Cleo was on a lunch break when she heard a chilling statistic: According to a study released by the Center for Disease Control (CDC), 1 in every 4 girls and 1 in every 6 boys are sexually abused before the age of 18 in the United States.1
These numbers were like a sucker punch to Cleo’s stomach. How can we live in a world where such horrible things happen? she wondered. She wondered if parents could be more proactive about protecting their children. She wondered if kids would be able to recognize inappropriate behavior coming from adults or other kids. She wondered if the amount of people who want to protect children outnumber those who seek to hurt them.
Little did Cleo realize, she could be one of these people—a defender of innocence. She’s not a parent. She’s not a teacher. She doesn’t have a job that involves working with children. In fact, she doesn’t really see children all that often in her day-to-day life. So how can Cleo, someone who barely interacts with children, be a protector and defender against child sexual abuse?
Cleo realized she did have connections in her life to children. She didn’t have any children of her own, but she had two nieces and three nephews. She didn’t work directly with children at her job, but three of her coworkers were parents. There were also several families in her neighborhood with small children. She was vaguely acquainted with the parents and saw their kids playing in nearby yards from time to time.
Cleo realized each of these children in her life were at some degree of risk. Each of these children, no matter how healthy and happy they appeared, were in need of defenders against child sexual abuse. This discovery gave Cleo an increased sense of responsibility and a greater awareness of her role in the community.
Why You Should Care
Even if it seems that the issue of child sexual abuse won’t ever affect you personally, it affects the society you inhabit and is likely affecting someone you know.
Child sexual abuse can have long-lasting effects on survivors as they age into adulthood. These adverse impacts might not just affect the survivor but those around them, be it their children, their family members, their coworkers, their partners, or even their relationship with you. Without proper help and healing, trauma can continue into the next generation. Perpetrators continue to thrive on society’s tendency to turn a blind eye. Notions of respect, consent, and boundaries are often misunderstood or not properly addressed. Legal systems may fail those who were targeted, by refusing to listen or not taking proper action. Ultimately, child sexual abuse doesn’t just affect children you’ll never know or never meet. It affects the health and stability of our society as whole.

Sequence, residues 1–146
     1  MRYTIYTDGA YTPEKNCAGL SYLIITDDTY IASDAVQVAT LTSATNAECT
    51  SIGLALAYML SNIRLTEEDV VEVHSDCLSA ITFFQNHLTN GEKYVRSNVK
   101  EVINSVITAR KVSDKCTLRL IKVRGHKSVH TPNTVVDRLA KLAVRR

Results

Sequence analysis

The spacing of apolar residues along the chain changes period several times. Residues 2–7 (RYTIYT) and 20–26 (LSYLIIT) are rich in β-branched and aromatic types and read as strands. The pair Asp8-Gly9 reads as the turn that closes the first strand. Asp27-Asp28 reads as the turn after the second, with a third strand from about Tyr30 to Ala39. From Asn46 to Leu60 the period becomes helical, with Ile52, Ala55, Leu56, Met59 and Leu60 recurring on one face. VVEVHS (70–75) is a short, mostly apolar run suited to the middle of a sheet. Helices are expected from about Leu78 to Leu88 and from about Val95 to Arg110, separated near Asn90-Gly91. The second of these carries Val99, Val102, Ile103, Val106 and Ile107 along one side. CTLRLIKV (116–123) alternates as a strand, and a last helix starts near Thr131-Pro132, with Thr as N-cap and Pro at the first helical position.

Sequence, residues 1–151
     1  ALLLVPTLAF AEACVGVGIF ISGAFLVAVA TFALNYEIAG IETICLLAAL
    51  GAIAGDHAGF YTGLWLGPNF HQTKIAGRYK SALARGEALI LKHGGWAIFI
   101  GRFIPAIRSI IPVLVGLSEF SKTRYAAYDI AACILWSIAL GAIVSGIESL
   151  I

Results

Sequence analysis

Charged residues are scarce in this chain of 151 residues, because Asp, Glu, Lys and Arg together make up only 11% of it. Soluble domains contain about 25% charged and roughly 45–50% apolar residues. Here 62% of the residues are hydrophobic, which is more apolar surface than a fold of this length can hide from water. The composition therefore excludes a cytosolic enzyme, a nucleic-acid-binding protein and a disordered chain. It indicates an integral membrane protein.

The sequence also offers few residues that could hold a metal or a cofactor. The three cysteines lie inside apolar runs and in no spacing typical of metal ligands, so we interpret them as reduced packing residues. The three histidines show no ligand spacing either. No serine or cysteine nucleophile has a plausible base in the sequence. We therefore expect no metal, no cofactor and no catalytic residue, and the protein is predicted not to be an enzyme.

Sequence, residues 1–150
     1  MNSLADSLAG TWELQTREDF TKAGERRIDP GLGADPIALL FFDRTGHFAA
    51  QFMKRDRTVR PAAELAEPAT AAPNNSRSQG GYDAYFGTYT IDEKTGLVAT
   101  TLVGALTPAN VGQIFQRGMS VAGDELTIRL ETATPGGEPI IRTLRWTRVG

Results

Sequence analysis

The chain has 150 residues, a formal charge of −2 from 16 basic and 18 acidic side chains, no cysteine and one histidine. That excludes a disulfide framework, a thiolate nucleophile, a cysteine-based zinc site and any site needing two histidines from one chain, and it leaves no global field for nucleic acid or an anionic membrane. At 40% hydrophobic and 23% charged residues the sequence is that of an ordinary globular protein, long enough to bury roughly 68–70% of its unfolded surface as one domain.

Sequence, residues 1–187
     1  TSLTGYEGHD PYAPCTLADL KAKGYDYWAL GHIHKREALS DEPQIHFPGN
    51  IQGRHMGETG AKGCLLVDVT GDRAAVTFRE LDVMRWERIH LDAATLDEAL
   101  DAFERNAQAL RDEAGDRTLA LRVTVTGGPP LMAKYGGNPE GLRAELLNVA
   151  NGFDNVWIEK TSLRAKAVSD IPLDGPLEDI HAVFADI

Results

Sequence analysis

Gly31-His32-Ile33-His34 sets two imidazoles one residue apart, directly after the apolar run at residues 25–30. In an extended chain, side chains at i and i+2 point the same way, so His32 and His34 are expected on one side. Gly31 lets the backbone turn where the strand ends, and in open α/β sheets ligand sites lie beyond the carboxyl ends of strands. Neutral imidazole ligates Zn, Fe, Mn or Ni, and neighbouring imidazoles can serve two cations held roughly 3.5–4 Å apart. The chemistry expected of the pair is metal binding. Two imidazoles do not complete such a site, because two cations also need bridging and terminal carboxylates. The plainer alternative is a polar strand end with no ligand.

However, you have a chance to make a difference. Like Cleo, your sphere of influence may be larger than you think. You might not have any children in your life, but you still have the power to protect those who are most vulnerable.
So How Can You Help?
Maybe you’re a college student or a retiree. Maybe you’re an aunt, uncle, cousin, or sibling. Or maybe you’re a neighbor, teacher, coach, volunteer, community leader, or churchgoer. No matter your circumstance or stage of life, one thing remains the same: your ability to make a difference. Here are five ways you can help defend innocence and prevent child sexual abuse.
SPREAD THE WORD
DONATE OR VOLUNTEER
BE A POSITIVE EXAMPLE
- Did you have at least one teacher who cared about you?
- Did you have good neighbors?
- Was there an adult (not a parent/caregiver) who could provide you with support or advice?
Every child you pass in the hall has a story that needs to be heard. Maybe you are the one meant to hear it.Bethany Hill, assistant principal from Arkansas
No matter your circumstance or stage in life, you can be a strong ally in protecting children from child sexual abuse and empowering families to learn about ways to prevent it. Through your awareness, vigilance, and willingness to speak out about child sexual abuse, the world becomes that much safer for the children around you. You might think you’re only one person, but sometimes the greatest difference made in a child’s life is through one individual. Never underestimate the impact you have on another person.
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